You should also be genuine in your interest in the organisation’s cause – don’t say you want to save the turtles if you’ve never been to the ocean. This is an easy one to cover as all you need to do is research the not for profit as an organisation and its cause as a subject. Do some reading on the organisation’s site to get an idea on how and why they operate, and have a general search around the cause and read up on it.

Connect with their cause

In general, not-for-profit employees are more passionate about their role and purpose than their for-profit counterparts. Their passion comes from their reason for working for a not-for-profit organisation: they want to help their organisation’s cause.

You can connect with a not-for-profit organisation’s cause by making clear how your product or service helps them to better further their cause or help the community in which they work. For example, you may be able to show them how their finances can be rearranged to save money and so free up funds to reinvest into their organisation, or you might show them how they can better market themselves to donors and so increase the funds at their disposal.

Do your research

Breaking into the not-for-profit sector is no different to breaking into a for-profit market; research is essential. Have a look at other organisations that service the sector and ask yourself the following questions:

  • How do they market themselves?
  • How do they specialise in not for profits if at all?
  • Are there many organisations similar to yours already in the sector?
  • Is your offering unique?
  • Are not for profits looking for your product or service? If not, why not?

Treat the not-for-profit sector as you would any other new market and assess your offering against the competition.

Build a list of potential NFP clients

Build a list of all the not-for-profit organisations you intend on approaching. Have a look at directories like the Guide to Giving (that’s our directory of charities) and the ACNC’s list of registered charities. You might like to only look at not-for-profit organisations working on issues that are meaningful to you, or you might like to only work with organisations that are local to you.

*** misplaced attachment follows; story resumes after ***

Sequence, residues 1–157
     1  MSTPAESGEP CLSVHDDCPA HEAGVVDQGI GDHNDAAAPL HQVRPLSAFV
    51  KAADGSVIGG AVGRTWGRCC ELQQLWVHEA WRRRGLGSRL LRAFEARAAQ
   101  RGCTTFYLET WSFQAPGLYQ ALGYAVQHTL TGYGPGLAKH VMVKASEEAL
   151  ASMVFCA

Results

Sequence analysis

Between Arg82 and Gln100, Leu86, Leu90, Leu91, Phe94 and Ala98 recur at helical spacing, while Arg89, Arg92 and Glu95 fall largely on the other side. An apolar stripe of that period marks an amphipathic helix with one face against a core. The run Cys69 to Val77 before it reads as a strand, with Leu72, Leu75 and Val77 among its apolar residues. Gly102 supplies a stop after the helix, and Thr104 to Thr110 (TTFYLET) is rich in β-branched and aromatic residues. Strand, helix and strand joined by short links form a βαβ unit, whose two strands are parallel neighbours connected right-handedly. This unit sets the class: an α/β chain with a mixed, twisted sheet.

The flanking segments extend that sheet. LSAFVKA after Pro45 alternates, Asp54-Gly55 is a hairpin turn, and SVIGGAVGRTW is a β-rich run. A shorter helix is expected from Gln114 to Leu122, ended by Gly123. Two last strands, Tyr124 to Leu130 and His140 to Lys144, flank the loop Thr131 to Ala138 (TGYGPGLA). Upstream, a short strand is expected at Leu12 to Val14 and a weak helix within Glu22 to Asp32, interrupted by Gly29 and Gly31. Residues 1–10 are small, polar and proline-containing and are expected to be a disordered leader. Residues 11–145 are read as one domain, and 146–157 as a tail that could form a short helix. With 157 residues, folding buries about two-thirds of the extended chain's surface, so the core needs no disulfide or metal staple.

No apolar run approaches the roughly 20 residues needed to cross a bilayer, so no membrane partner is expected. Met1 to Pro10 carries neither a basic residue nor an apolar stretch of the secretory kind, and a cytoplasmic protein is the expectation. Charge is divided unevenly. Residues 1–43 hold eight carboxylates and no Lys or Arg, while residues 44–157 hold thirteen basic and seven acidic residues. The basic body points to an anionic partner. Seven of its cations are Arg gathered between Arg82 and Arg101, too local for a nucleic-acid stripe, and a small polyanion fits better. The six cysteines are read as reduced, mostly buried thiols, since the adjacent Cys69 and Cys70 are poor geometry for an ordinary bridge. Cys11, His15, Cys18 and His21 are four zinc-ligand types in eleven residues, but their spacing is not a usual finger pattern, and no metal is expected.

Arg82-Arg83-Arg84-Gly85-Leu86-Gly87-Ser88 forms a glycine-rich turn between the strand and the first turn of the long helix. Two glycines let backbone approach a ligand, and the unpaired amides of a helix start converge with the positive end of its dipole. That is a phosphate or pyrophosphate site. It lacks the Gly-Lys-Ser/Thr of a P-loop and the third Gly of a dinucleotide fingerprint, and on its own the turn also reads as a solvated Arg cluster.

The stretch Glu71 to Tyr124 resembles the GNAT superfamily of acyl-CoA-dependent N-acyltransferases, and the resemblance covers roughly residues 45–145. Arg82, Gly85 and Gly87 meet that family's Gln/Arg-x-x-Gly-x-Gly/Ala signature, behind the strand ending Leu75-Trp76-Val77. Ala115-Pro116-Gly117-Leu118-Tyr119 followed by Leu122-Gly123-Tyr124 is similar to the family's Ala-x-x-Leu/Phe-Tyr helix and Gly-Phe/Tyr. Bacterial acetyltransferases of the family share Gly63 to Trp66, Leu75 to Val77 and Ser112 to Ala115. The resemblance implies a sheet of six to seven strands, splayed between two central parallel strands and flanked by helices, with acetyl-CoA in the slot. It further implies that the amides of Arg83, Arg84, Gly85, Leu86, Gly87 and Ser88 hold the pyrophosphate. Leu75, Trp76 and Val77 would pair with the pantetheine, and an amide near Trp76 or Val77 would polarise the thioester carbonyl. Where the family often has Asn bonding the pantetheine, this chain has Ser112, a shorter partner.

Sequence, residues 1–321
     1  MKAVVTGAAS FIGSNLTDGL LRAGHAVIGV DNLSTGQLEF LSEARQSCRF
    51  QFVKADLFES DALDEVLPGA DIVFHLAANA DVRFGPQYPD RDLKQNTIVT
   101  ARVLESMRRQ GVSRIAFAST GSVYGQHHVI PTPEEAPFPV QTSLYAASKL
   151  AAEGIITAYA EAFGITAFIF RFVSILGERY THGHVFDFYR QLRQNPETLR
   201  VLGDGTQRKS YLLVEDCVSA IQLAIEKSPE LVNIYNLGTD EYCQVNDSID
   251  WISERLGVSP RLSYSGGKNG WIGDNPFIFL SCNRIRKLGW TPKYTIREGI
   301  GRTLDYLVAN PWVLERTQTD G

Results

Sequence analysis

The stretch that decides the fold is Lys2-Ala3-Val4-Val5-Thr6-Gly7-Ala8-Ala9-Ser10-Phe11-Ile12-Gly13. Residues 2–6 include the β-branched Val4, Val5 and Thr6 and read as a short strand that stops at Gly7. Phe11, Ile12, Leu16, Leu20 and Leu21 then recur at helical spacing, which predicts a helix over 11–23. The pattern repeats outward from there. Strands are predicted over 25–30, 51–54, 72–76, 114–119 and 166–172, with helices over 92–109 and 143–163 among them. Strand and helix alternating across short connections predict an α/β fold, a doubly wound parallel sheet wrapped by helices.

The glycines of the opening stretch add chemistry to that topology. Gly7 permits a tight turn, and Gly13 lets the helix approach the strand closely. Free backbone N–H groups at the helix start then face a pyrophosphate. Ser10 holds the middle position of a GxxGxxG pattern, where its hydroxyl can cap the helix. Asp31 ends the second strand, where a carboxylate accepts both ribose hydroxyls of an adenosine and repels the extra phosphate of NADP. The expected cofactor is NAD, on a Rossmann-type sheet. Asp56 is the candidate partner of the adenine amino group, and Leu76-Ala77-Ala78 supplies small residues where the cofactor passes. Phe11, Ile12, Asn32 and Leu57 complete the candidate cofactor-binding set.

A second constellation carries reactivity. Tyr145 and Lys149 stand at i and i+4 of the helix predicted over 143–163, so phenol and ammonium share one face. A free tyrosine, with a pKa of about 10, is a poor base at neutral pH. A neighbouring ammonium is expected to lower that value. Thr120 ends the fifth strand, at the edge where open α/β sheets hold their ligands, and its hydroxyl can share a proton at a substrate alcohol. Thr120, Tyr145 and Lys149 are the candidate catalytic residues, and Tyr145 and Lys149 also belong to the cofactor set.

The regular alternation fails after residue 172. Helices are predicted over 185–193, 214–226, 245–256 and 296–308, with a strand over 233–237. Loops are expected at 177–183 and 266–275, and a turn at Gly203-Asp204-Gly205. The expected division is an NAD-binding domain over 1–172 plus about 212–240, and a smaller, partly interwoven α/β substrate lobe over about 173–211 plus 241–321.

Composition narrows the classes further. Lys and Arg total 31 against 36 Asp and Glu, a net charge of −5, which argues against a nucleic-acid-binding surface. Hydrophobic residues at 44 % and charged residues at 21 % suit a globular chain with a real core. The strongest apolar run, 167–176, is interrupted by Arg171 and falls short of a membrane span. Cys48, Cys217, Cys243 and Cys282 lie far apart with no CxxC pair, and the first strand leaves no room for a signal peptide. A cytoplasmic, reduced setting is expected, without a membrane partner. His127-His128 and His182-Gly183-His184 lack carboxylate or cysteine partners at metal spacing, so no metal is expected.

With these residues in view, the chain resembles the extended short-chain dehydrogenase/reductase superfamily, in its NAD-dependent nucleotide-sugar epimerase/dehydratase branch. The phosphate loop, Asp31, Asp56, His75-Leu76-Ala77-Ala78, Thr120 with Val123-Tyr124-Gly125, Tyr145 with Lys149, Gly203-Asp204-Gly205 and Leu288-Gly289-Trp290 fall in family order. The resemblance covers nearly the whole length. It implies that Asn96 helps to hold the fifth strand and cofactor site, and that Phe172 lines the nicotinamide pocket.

Prepare your marketing initiatives

Before you make contact with a not-for-profit organisation, go over your marketing materials and alter them for a not-for-profit organisation using the suggestions made in this guide. An easy way to pitch to any organisation is to tailor a Powerpoint presentation or similar to their organisations – use the presentation to show the organisation how you will benefit them.

Running a fundraiser for a not for profit is a fantastic way to market to the sector, it shows that you care about and value the work of not for profits. You might consider having your CEO attend St Vincent de Paul’s CEO Sleepout, or encourage your employees to participate in other charity fundraising programs – this will signal to organisations in the sector that you’re involved.

And that’s it (well, kinda). For more info and a more comprehensive guide to working with not-for-profit organisations, download our free eBook here.